• Comment number 3.

    This comment was removed because the moderators found it broke the house rules. Explain.

  • Comment number 4.

    Traditionally the 2nd February is the first stirring of spring, Imbolc , or Candlemas when the godess throws of the dark cloak of the winter crone and the maiden returns. Snowdrops are often seen as a symbol of the maiden Brighid and pagans will place them on the altar at an Imbolc celebration. In Bedfordhire have seen Snowdrops in bud and also Winter Aconite in flower as well as resident birds singing. Have seen and heard Blackbird, Song Thrush, Mistle Thrush and Great Tit singing. Ravens and Tawny Owls will already be preparing to nest and I will be looking for displaying Ravens this weekend.

  • Comment number 5.

    saw 2 bees in garden on 15th jan

  • Comment number 6.

    on 15th jan saw 2 bees in garden

  • Comment number 7.

    I live in Meanwood in Leeds and last week whilst waiting at the bus stop I saw two red kites, they looked very beautiful gliding over and under each other as if they were dancing, it was the highlight of my day. Proof indeed that the breeding programme at Harewood has been a resounding success.

  • Comment number 8.

    Have a pure white squirrel visiting my garden regularly.Is this a common occurance in the grey squirrel family? As i have never seen one before.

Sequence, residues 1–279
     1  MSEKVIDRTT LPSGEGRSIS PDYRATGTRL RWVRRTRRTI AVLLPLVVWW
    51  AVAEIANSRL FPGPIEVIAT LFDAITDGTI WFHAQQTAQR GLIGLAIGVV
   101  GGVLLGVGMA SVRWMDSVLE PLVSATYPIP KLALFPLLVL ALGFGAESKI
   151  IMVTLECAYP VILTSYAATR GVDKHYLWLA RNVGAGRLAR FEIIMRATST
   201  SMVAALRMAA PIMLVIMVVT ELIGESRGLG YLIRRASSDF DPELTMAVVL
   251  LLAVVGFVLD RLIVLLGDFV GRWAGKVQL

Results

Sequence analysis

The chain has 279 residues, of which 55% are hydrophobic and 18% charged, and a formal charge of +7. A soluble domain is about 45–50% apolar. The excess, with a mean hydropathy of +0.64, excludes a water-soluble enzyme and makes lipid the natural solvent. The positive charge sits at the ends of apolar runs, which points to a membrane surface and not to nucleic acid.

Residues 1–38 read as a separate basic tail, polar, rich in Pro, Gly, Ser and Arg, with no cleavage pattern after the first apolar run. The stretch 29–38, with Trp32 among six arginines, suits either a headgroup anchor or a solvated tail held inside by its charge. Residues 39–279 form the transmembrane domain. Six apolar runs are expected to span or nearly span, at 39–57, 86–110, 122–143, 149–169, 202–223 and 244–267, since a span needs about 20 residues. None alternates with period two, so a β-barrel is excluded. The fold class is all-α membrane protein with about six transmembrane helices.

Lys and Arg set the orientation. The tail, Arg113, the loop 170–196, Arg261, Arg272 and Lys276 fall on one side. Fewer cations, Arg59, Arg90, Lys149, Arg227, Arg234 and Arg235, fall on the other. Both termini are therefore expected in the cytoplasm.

• Comment number 9.

    Saw my first ever goldcrest yesterday,I was walking down the main road near to where i live and spotted it on a bush in a garden,stood for a good few minutes watching it, really wish i had my camera with me.What a beautifull little bird, really made my day!

  • Comment number 10.

    I was pleased to see snowdrops bursting forth in Dorset, but even better was seeing two shy primroses on a sunny bank beside the snowdrops

  • Comment number 11.

    Snowdrops popped up a few weeks ago and crocuses came out on the 23rd Jan near me (SW London).

    I saw a blue tit investigating a nest box last sunday and today i saw a pair of long-tailed tits, not the usual chatter of them (is that the collective noun?).

    there has been a Gt Spotted Woody drumming in the small park near work this week.

  • Comment number 12.

    Nice tweet today from the Sussex Wildlife Trust: hazel catkins & snowdrops are out - has anyone seen any primroses yet?


  • Comment number 13.

    <RICHPOST> Frogs calling in my garden pond on 4th and 5th Feb, probably spawn in the next few days... <BR /><p><BR /><a href="http://www.flickr.com/photos/chickenzown/5419627122/" title="Spring arrives in Anglesey! 4 Feb 11 by chickenzown, on Flickr"></a><BR /><BR /></RICHPOST>

  • Comment number 14.

    Hello. We set about doing some early spring cleaning in our garden pond. Over recent years it's become less a of pond, and more of a wetland bog, but we like it that way because for several years now it has flourished as a nursery for frogs, and we were looking forward to their springtime return. But sadly, as we were thinning out the pond plants we discovered many adult frogs [14 in fact] were dead in the pond. We think that the recent prolonged and hard winter weather has frozen the pond surface and prevented them from getting to the surface to breathe. Would that be correct?